Supplemental Lighting Guidelines for Young Plants By Erik Runkle

It has long been known that, during periods of dark weather, high-intensity supplemental lighting can increase photosynthesis and plant quality of floriculture crops. However, until recently, the definition of “dark” weather was ambiguous and subjective. Research at several U.S. universities has generated specific information on how ornamental plants respond to the daily light integral (DLI).

Many young plants, particularly bedding plants and herbaceous perennials, are commercially produced from January through March. Some growers begin production even earlier, in December. During this time, the days are short, and the total quantity of light received each day is relatively low, especially in the northern United States and in Canada. Increasing the DLI with supplemental lighting can have a profound effect on the time it takes cuttings to root and plugs to become ready for transplant. In many situations, the cost of supplemental lighting of young plants is cost-effective because plant density is high, thus the lighting cost per plant is quite low.

To illustrate the relative value of supplemental lighting, I started with the DLI maps created by Jim Faust at Clemson University, assumed that 50 to 60 percent of sunlight reached plants (which is a typical value) and, based on floriculture crop research, assumed that the value of supplemental lighting was:

large when the DLI was less than 12 mol-m-2-d-1
moderate when the DLI was between 12 and 15 mol-m-2-d-1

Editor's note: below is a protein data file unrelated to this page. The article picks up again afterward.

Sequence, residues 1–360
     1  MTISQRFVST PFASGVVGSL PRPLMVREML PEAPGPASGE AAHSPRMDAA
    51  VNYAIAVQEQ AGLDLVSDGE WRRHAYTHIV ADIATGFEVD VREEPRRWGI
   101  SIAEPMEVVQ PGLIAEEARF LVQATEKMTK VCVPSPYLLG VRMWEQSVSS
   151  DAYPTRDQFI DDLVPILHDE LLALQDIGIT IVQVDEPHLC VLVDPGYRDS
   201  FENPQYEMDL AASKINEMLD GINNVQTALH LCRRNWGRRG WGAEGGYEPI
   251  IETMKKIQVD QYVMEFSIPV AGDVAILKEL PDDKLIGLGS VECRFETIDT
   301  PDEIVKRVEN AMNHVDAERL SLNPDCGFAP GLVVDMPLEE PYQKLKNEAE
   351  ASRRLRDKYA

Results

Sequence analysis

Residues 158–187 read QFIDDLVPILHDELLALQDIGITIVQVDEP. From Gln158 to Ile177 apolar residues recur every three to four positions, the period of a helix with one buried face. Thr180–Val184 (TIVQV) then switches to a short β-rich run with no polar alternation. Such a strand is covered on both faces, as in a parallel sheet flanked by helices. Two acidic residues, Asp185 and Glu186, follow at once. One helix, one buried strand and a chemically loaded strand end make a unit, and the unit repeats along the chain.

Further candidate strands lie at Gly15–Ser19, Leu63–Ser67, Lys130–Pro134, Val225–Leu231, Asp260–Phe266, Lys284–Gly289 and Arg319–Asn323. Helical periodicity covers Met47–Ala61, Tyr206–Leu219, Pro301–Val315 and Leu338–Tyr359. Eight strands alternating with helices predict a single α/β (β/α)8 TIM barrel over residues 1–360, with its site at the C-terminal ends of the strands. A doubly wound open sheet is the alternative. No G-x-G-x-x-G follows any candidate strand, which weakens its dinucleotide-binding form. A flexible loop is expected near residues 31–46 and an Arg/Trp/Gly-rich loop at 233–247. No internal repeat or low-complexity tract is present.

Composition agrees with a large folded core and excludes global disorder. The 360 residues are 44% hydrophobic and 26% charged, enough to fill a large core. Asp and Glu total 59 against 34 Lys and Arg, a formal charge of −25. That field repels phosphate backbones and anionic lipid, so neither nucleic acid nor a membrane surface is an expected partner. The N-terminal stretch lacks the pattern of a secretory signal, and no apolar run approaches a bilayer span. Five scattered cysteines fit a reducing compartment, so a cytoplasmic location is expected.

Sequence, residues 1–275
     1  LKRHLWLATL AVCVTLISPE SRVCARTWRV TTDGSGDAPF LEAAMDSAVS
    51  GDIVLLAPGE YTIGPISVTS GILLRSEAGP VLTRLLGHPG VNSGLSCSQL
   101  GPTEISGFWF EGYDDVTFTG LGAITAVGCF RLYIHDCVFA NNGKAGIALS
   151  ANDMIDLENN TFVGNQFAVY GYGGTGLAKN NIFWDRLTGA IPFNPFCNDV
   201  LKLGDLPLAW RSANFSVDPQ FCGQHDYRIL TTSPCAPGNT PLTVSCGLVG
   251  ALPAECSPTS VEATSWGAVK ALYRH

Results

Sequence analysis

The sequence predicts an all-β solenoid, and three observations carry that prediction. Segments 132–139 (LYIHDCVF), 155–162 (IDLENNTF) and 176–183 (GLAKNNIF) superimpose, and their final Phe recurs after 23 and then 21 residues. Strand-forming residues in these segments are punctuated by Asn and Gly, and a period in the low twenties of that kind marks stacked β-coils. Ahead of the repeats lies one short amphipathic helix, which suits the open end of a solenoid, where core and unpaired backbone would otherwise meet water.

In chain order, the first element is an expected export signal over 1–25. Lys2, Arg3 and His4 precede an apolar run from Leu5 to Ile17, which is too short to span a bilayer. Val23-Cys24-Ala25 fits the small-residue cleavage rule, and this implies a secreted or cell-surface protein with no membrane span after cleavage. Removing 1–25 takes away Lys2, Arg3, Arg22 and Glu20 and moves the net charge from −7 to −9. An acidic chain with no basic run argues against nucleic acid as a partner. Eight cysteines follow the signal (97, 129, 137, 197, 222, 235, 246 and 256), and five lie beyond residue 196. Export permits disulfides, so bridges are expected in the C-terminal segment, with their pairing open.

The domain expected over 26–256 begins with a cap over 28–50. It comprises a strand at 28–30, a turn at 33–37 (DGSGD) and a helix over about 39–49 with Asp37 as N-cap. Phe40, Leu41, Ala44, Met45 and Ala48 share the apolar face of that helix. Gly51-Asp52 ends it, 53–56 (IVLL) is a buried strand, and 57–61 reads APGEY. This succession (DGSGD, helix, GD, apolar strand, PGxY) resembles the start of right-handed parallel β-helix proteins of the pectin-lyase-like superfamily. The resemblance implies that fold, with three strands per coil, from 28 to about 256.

small when the DLI was greater than 15

These values are based on a fairly wide body of research on high-light floriculture crops. As the maps illustrate, there is high value in providing supplemental light to young ornamental crops in December and January. In February, the value of supplemental lighting is relatively low in the Southwest, as well as most of Florida and southern Georgia. As the days get longer and the angle of the sun continues to get higher in the sky, the natural daily light integral increases. In March, especially the later half of the month, the value of supplemental lighting is moderate only in the Pacific Northwest and in the eastern Great Lakes region. By April, the value of adding light to young plants is relatively low for most species.

Supplemental lighting is most efficient when delivered by stationary high-pressure sodium lamps because they are the most efficient at converting electricity into photosynthetic light. They also emit a lot of radiation that can increase media and plant temperature, which is a benefit for growers in cold climates. For example, in a lighting study we performed in late January and early February in Michigan, high-pressure sodium lamps at an intensity of 680 foot-candles (90 µmol-m-2-s-1) increased the average plug media temperature by 4.3¡ F compared to the media of nonlighted plugs.

To increase the DLI, light intensity and the duration of use are both important. Lamps are most efficiently used during periods of low light (during cloudy weather) and at night. For more information on supplemental lighting, visit the MSU floriculture website at

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Erik Runkle

Erik Runkle is professor and floriculture extension specialist in the department of horticulture at Michigan State University. He can be reached at [email protected]

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